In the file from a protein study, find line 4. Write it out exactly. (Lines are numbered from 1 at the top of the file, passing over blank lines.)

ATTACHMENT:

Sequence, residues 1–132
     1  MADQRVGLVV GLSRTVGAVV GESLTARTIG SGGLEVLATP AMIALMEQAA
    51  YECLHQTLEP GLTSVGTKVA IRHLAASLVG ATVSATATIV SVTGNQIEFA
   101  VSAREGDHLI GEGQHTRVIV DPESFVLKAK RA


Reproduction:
   101  VSAREGDHLI GEGQHTRVIV DPESFVLKAK RA